RUNNER beans bursting with the stuff of life. Embryonic roots and stalks uncoiling like tentacles. Into the black earth they go, plop plop, to re-emerge – hopefully – as elegant green vines with scarlet flowers. And then pods with purple beans. And then some of those beans dried and stored in readiness to activate another cycle. And so life goes on . . .
Things are stirring. Finally, after a gap of three years, I am planting food for the table. My allotment plot in the north of North Yorkshire – loved and cherished for nearly two decades – is a thing of the past as new ground yields fruit here in the south of southern Spain.
It’s a huge change and many things are new and bewildering. But we humans can adapt. That’s one of the things we do well.
More than 11,000 years ago our ancestors made the leap from hunter-gatherers to farmers. Forests were cleared and stuff planted – wild barley and lentils, mostly. Wandering tribes carried seeds to germinate in new lands. Pioneers crossed deserts and plains to plough fresh soil. I dwell on these achievements while I sort my beans.
Making the move from England to Andalucia in a 1991 Volkswagen T4 campervan isn’t quite trekking out of Africa to plant tall grasses on the shores of the Black Sea, or crossing the mid-West in a covered wagon with a sack of grain and a bag of beans, but it’s a nod to those desolate waves of forgotten humanity who put their faith in destiny and agriculture.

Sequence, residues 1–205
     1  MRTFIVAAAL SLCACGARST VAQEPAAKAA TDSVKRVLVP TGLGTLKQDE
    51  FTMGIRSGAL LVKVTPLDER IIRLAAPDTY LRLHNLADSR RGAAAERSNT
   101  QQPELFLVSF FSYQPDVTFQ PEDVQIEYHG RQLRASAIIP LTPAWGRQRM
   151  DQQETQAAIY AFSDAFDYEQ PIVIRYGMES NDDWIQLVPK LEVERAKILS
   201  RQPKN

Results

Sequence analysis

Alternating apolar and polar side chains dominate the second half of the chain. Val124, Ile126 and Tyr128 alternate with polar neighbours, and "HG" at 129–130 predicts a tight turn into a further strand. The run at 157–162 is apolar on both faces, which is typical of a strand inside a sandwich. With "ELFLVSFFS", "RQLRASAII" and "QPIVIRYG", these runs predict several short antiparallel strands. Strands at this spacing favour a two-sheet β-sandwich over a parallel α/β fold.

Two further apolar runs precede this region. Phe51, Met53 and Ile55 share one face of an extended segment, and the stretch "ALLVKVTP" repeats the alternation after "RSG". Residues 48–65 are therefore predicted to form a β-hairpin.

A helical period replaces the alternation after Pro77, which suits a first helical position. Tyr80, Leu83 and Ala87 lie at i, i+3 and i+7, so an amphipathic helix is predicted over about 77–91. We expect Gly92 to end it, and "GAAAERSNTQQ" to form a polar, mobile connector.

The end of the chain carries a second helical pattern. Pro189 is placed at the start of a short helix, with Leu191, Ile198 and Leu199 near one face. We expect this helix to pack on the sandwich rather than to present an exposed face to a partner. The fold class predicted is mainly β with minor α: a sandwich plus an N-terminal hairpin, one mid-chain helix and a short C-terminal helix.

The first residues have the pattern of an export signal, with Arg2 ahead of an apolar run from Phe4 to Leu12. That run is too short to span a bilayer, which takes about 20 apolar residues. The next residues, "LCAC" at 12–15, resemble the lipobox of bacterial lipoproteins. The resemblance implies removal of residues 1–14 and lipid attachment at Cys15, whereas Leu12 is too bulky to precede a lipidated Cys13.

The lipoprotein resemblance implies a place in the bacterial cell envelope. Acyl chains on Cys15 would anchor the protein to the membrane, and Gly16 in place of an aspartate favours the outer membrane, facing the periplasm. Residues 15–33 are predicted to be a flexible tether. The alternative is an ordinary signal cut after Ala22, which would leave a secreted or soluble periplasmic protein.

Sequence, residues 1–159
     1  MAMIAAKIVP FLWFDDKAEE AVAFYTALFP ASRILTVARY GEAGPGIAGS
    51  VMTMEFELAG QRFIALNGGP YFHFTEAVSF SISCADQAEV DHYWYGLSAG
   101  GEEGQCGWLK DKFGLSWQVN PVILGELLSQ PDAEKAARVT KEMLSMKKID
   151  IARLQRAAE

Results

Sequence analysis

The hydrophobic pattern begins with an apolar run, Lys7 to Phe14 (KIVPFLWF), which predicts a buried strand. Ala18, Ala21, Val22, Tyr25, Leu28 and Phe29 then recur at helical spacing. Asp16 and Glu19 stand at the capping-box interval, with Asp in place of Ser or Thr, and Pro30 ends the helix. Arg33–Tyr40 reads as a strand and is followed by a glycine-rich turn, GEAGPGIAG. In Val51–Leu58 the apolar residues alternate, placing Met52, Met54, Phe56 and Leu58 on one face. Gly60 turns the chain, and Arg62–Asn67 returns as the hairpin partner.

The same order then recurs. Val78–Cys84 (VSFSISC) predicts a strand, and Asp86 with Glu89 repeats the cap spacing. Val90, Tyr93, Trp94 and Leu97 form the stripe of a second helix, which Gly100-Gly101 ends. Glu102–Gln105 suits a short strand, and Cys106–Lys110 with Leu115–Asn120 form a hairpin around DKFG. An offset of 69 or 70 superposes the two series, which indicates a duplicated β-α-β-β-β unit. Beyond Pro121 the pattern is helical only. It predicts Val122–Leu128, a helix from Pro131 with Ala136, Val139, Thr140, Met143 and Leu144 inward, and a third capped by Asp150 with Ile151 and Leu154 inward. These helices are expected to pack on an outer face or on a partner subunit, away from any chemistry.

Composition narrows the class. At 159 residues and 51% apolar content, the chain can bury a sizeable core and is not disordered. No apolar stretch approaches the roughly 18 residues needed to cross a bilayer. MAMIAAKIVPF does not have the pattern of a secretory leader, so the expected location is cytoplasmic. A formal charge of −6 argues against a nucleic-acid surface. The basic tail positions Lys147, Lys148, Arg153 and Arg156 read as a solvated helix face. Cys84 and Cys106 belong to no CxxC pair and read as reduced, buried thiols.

Today, faith comes in small glossy packets with plant-by dates and pictures of perfect produce. Life is easier for the modern pioneer. Planting instructions – in Spanish and English – are included. No barrels of untested seed for us. No wolves either. That’s not to say life is without its setbacks.
My first plantings of peppers and chillies (five varieties) failed to germinate, as did my first trials of lettuce (four varieties) – all old seed brought from England. Tomatoes (four varieties) and cucumbers (two, if you include gherkins) have been more successful. Brassicas are running at a 50 per cent germination rate; peas and beans about 80 per cent; while odds and ends such as celery and squashes (courgettes, pumpkins) are doing fine.
So despite 11,000 years of knowledge, experimentation and commercial enterprise behind mankind’s agricultural achievements, growing stuff can still be an unpredictable process. At least I haven’t crossed a continent in an ox cart to make this discovery.